DAC stands for "digital to analog converter." Since the Arduino does not have analog out capabilities, we need to use a DAC to convert digital data (numbers/ints/bytes) to an analog waveform (oscillating voltage). A simple, easy to program, and cheap way to do this is to use something called an R2R resistor ladder. Essentially, it takes incoming digital bits (0V and 5V from Arduino), weights them, and sums them to produce a voltage between 0 and 5 volts (see the schematic in fig 2, taken from the Wikipedia resistor ladder page). You can think of a resistor ladder as a multi-leveled voltage divider.
The resistor ladder I'll be demonstrating in this tutorial is an 8-bit DAC, this means it can produce 256 (2^8) different voltage levels between 0 and 5v. I connected each of digital pins 0-7 to each of the 8 junctions in my 8 bit DAC (shown in figs 1 and 3).
I like using these resistor ladder DACs because I always have the materials around, they're cheap, and I think they're kind of fun, but they will not give you the highest quality audio. You can buy a chip that works in the exact same was as an R2R DAC (and will work with all the code in this instructable), but has internal, highly-matched resistors for better audio quality, I like this one bc it runs off a single 5V supply (you can even do stereo audio with it), but there are many more available, look for "parallel input, 8 bit, dac ic".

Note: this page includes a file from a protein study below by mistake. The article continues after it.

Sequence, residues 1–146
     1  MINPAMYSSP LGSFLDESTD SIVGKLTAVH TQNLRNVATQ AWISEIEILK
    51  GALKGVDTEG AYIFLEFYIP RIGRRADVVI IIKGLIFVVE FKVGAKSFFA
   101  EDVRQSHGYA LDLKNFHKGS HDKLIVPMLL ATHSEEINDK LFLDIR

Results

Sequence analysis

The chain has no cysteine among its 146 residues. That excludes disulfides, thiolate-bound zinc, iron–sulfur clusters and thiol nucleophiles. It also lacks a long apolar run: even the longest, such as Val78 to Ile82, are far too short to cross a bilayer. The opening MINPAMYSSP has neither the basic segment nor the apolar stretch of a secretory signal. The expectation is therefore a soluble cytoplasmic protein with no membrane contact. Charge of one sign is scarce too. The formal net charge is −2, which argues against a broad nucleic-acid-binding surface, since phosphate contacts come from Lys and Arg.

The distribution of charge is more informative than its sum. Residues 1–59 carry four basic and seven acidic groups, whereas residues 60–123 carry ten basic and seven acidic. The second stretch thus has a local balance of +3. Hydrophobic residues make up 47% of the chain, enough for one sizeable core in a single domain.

Alternatively, there are chips that take in serial data to perform digital to analog conversion. These chips are generally higher fidelity (definitely better quality that the resistor ladder DAC) and they only use two or three of the Arduino's output pins (as opposed to 8). Downsides are they are a little more challenging to program, more expensive, and will not work with the code in this Instructable, though I'm sure there are some other tutorials available. After a quick search on digikey, these looked good, for Arduino, try to find something that will run off a single 5V supply.
One more note - there seems to be kind of a misconception abut 8 bit audio- that it always has to sound like the sounds effects from a Mario game- but 8bit audio with this really basic DAC can actually replicate the sounds of people's voices and instruments really well, I'm always amazed at the quality of sound that can come from a bunch of resistors.
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